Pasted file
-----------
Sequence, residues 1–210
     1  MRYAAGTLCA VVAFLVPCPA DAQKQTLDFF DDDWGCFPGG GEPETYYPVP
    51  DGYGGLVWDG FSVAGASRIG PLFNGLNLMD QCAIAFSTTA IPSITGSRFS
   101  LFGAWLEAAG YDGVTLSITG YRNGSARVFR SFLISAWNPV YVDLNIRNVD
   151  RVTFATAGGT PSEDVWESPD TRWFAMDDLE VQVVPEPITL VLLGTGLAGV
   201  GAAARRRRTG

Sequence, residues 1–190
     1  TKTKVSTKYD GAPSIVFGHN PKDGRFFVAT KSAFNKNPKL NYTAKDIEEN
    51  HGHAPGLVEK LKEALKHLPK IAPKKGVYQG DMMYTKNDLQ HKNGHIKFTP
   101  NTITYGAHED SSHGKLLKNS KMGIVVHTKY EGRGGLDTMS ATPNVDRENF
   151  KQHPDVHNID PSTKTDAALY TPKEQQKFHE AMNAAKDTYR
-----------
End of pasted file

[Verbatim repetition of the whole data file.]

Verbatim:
Sequence, residues 1–210
     1  MRYAAGTLCA VVAFLVPCPA DAQKQTLDFF DDDWGCFPGG GEPETYYPVP
    51  DGYGGLVWDG FSVAGASRIG PLFNGLNLMD QCAIAFSTTA IPSITGSRFS
   101  LFGAWLEAAG YDGVTLSITG YRNGSARVFR SFLISAWNPV YVDLNIRNVD
   151  RVTFATAGGT PSEDVWESPD TRWFAMDDLE VQVVPEPITL VLLGTGLAGV
   201  GAAARRRRTG

Sequence, residues 1–190
     1  TKTKVSTKYD GAPSIVFGHN PKDGRFFVAT KSAFNKNPKL NYTAKDIEEN
    51  HGHAPGLVEK LKEALKHLPK IAPKKGVYQG DMMYTKNDLQ HKNGHIKFTP
   101  NTITYGAHED SSHGKLLKNS KMGIVVHTKY EGRGGLDTMS ATPNVDRENF
   151  KQHPDVHNID PSTKTDAALY TPKEQQKFHE AMNAAKDTYR